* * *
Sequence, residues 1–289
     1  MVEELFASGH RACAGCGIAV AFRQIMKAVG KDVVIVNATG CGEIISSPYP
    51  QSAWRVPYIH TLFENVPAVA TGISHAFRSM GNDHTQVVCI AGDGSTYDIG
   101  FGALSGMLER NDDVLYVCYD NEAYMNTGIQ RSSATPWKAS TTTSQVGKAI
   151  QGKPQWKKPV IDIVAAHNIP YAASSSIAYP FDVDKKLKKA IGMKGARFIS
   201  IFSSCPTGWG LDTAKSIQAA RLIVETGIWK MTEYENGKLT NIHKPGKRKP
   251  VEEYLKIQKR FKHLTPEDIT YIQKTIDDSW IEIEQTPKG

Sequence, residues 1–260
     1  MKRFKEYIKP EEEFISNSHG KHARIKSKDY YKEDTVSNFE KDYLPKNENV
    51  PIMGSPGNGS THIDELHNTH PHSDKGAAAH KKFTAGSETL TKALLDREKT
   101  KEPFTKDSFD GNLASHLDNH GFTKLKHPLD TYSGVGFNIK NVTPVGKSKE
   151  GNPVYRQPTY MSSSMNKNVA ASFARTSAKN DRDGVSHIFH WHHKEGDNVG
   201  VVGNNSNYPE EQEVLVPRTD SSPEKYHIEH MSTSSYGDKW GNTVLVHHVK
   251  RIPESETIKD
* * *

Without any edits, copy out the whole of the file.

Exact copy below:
Sequence, residues 1–289
     1  MVEELFASGH RACAGCGIAV AFRQIMKAVG KDVVIVNATG CGEIISSPYP
    51  QSAWRVPYIH TLFENVPAVA TGISHAFRSM GNDHTQVVCI AGDGSTYDIG
   101  FGALSGMLER NDDVLYVCYD NEAYMNTGIQ RSSATPWKAS TTTSQVGKAI
   151  QGKPQWKKPV IDIVAAHNIP YAASSSIAYP FDVDKKLKKA IGMKGARFIS
   201  IFSSCPTGWG LDTAKSIQAA RLIVETGIWK MTEYENGKLT NIHKPGKRKP
   251  VEEYLKIQKR FKHLTPEDIT YIQKTIDDSW IEIEQTPKG

Sequence, residues 1–260
     1  MKRFKEYIKP EEEFISNSHG KHARIKSKDY YKEDTVSNFE KDYLPKNENV
    51  PIMGSPGNGS THIDELHNTH PHSDKGAAAH KKFTAGSETL TKALLDREKT
   101  KEPFTKDSFD GNLASHLDNH GFTKLKHPLD TYSGVGFNIK NVTPVGKSKE
   151  GNPVYRQPTY MSSSMNKNVA ASFARTSAKN DRDGVSHIFH WHHKEGDNVG
   201  VVGNNSNYPE EQEVLVPRTD SSPEKYHIEH MSTSSYGDKW GNTVLVHHVK
   251  RIPESETIKD